Cohen: By allowing us to make port visits, to associate with the military, have military exchanges -- this has been beneficial, I think, to both sides. We obviously benefit when we interact with other militaries. We think that we learn from them as well as they learn from us. Any time you have an opportunity to exchange military personnel, plans, exercises, training, it can only benefit the countries involved. So we, the very strong bilateral relationships, we are trying to increase those to multilateral relationships as well. We have found not only in Asia but wherever we have these joint types of exercises, Europe as well, that it helps to tear down barriers that might exist; it helps to have greater transparency; it helps each military to understand the other's background, training, expertise, competence; and whenever you have that kind of interchange you are bound to benefit on both sides.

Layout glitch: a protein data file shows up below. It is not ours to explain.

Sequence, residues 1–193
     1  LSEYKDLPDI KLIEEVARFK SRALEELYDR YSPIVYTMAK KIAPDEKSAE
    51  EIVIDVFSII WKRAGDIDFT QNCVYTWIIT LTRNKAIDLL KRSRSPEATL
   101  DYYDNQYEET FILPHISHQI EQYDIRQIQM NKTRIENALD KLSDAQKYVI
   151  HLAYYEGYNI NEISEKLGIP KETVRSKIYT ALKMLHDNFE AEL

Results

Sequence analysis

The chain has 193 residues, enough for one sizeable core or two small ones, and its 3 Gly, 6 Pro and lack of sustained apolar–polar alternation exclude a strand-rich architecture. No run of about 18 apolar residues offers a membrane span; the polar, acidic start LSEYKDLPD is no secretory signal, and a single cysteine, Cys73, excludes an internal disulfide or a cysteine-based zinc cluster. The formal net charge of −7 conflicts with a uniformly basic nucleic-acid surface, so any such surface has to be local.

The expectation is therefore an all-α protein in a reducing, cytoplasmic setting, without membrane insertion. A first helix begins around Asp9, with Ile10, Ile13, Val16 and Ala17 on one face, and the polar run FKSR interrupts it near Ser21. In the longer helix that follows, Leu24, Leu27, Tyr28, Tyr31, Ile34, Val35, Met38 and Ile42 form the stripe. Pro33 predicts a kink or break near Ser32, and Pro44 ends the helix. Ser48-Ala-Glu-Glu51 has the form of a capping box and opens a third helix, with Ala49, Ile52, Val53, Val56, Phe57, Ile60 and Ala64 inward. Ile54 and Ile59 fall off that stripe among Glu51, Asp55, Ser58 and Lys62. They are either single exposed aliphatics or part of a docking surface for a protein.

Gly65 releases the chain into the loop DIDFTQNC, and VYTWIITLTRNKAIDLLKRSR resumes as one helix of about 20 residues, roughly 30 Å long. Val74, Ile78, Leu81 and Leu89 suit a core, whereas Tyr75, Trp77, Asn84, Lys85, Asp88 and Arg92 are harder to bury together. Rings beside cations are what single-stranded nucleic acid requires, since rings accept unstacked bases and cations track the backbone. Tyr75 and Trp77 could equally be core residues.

Q: Mr. Cohen, do you feel that Singapore has played an important part in maintaining the stability in the region, especially now of late, with the economic turmoil and all that?

Cohen: The short answer is yes. It's played a very important role, and we look forward to it continuing to play an important role, a constructive role.

Q: Mr. Cohen, the drug certification process in the United States is under way. My question is: Is Mexico going to be certified again this year as a U.S. rally in the war against drug trafficking?

Cohen: I really am not in a position to make a comment about Mexico's status, that's something that we've taken up with the Administration, but at this point I am not in a position to comment on it.

Q: Secretary, can you tell us the status of your talks or negotiations on rescheduling some of the acquisition and purchase agreements that the regional governments had with U.S., with their differences?

Cohen: Well, it depends upon the individual governments obviously. Because they are... Q: Malaysia and Indonesia, for instance?